Education for pluralism: a challenge for today's Quebec.

Author:Leroux, Georges

My thanks to Gary Caldwell for giving me the opportunity to respond to his critique of the new Ethics and Religious Culture program. I would first like to make it clear that, contrary to what he wrote, I am neither the main author nor the official representative of the program. I had the privilege of working within several groups and committees interested in secularization, and the published lecture on which he bases his analysis is but a very secondary part of a collection of documents and publications, including, of course, the program itself, promulgated by the Ministry of Education, Recreation and Sports in July 2,008. My book represents no school of thought, still less what could be identified as a philosophy or ideology of the Ministry of Education.

I proposed that reflection on issues of secularization be undertaken after the minister announced in June 2005 that the government of Quebec would not invoke the notwithstanding clause and would establish a common, compulsory course, extended across all levels of schooling. The texts of this program for the primary and secondary levels very carefully explain its educational and social objectives, especially those concerning its two fundamental aims: recognition of the other and pursuit of the common good. It is therefore appropriate to refer to these texts in discussing the ministry's position, and this is what I will do here in addressing some of Mr. Caldwell's arguments.

Education for pluralism is one of Quebec's social priorities and hence one of the major recommendations of the Bouchard-Taylor Commission. (1) This commission, coming in the wake of the long and rich debate on secularization that followed the publication of the Proulx Report (2) in 1999, was a busy political and social laboratory. Even though the Bouchard-Taylor Report does not reflect all the issues, notably because it does not contain a separate chapter on education, it has facilitated an essential analysis of the evolution of pluralism in our society. The commission's promotion of the new course seems to me a good starting point for discussing Mr. Caldwell's critique. Its work took place at the same time as the development of the program and reflects the same analysis of the social evolution of present-day Quebec.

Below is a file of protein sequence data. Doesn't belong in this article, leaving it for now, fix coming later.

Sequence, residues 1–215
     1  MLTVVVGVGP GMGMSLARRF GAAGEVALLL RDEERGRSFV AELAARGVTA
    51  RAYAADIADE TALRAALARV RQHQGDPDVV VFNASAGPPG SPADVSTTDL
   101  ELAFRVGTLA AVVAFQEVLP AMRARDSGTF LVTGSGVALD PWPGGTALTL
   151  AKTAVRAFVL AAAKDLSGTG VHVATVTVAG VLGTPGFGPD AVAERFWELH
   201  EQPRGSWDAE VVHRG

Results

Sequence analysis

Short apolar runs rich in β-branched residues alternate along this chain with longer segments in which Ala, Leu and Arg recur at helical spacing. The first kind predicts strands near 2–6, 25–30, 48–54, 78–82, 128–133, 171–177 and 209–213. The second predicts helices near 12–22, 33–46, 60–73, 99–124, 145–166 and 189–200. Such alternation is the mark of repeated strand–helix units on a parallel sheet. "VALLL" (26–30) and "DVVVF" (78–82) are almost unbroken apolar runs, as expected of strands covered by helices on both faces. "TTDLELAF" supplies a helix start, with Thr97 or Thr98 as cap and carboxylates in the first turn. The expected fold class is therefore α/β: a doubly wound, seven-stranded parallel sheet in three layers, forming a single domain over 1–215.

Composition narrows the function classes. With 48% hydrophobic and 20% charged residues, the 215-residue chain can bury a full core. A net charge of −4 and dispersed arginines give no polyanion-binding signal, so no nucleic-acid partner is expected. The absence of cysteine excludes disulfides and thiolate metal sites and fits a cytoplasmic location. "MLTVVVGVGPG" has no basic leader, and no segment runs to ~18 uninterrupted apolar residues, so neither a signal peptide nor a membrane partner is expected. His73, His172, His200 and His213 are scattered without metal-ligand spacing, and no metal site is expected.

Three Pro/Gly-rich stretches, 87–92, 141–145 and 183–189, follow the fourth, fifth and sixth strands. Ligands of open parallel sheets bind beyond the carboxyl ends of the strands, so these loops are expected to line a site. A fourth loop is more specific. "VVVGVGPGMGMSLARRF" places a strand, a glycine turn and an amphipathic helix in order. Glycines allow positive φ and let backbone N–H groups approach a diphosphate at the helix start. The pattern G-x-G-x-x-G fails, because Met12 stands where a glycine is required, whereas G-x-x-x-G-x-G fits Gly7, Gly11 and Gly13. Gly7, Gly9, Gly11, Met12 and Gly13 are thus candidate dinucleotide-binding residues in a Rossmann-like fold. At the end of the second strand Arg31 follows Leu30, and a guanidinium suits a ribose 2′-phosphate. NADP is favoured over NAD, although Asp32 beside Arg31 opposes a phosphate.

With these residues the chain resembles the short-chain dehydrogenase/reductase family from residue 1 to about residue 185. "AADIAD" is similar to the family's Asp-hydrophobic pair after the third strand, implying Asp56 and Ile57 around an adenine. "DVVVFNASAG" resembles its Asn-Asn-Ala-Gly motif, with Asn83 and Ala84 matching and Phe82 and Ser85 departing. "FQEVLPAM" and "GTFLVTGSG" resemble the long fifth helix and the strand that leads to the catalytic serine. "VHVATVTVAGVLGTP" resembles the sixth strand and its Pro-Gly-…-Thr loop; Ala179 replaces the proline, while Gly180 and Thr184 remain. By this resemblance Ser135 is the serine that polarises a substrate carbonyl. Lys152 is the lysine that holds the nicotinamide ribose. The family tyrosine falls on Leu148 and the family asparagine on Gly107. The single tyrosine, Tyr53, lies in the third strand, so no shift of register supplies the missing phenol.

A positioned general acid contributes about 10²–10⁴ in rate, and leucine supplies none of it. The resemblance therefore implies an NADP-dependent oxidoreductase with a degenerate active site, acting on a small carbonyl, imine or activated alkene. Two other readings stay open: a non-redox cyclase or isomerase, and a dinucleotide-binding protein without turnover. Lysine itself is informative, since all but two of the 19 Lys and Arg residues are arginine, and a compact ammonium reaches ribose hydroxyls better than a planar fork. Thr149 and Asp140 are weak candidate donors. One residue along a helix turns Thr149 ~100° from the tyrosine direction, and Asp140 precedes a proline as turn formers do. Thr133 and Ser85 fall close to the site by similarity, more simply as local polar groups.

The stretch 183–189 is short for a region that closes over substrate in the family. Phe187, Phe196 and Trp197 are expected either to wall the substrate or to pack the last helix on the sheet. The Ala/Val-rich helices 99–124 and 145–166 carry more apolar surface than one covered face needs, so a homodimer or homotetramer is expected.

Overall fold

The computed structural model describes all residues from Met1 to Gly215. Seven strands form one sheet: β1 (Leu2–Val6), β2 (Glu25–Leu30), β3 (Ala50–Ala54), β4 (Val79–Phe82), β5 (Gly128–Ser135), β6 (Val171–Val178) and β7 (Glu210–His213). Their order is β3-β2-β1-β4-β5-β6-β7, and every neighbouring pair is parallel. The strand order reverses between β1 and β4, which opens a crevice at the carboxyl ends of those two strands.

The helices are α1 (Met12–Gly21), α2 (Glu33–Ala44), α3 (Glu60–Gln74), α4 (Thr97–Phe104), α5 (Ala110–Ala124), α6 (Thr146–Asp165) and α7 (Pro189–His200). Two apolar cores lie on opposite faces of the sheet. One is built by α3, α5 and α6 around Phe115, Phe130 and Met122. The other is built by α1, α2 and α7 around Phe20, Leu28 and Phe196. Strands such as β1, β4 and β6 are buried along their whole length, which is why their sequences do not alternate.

The program has adopted the objectives of recognition of others and pursuit of the common good, and for the ministry these objectives call for initiating instruction that includes both ethics and religious culture, built on dialogue. Thus the program is put forward in a social and political context marked by the growth of diversity in our society, and is intended to give young people tools for their lives as adult citizens. It is a matter neither of ideology nor of indoctrination, unless one believes that democratic values constitute indoctrination.

According to Mr. Caldwell, the new course is the result of a philosophy of secularization based on seven fundamental and, for him, debatable pillars. I won't repeat these arguments since, although some of Mr. Caldwell's formulations seem to me unfair toward secularization in general and pluralism in particular (notably when be writes that normative pluralism represents a convoluted approach to universal truths), I can readily enough agree with his presentation of the fundamental premises of modernity. It was not our own intellectuals who discovered these. They are found everywhere in the development of Western societies that have reached modernity and have accepted the bargain of secularization: the rigorous separation of religious institutions (churches and others) from the state.

These premises are as present in Quebec as everywhere else, even if secularization here was the result of a much slower and more considered process than elsewhere. The public debate was long and highly nuanced and, contrary to what Mr. Caldwell has written, the consensus reached over the past 20 years is deep, because it is the result of a process of reflection carried through to maturity.

In this context, why is Mr. Caldwell opposed to the new Ethics and Religious Culture course? In his article, he seems to be torn between two main arguments. On the one hand, the new course is unacceptable because the premises on which it rests, which he characterizes as being based on utopian voluntarism, are fallacious. In other words, the course is a mistake precisely because it represents the modern secular position, based on the primacy of reason and individual liberty. This obviously puts Mr. Caldwell in the position of having to tell us, if modernity and secularism are errors, what multicultural societies should do to remain fair and tolerant in the face of growing...

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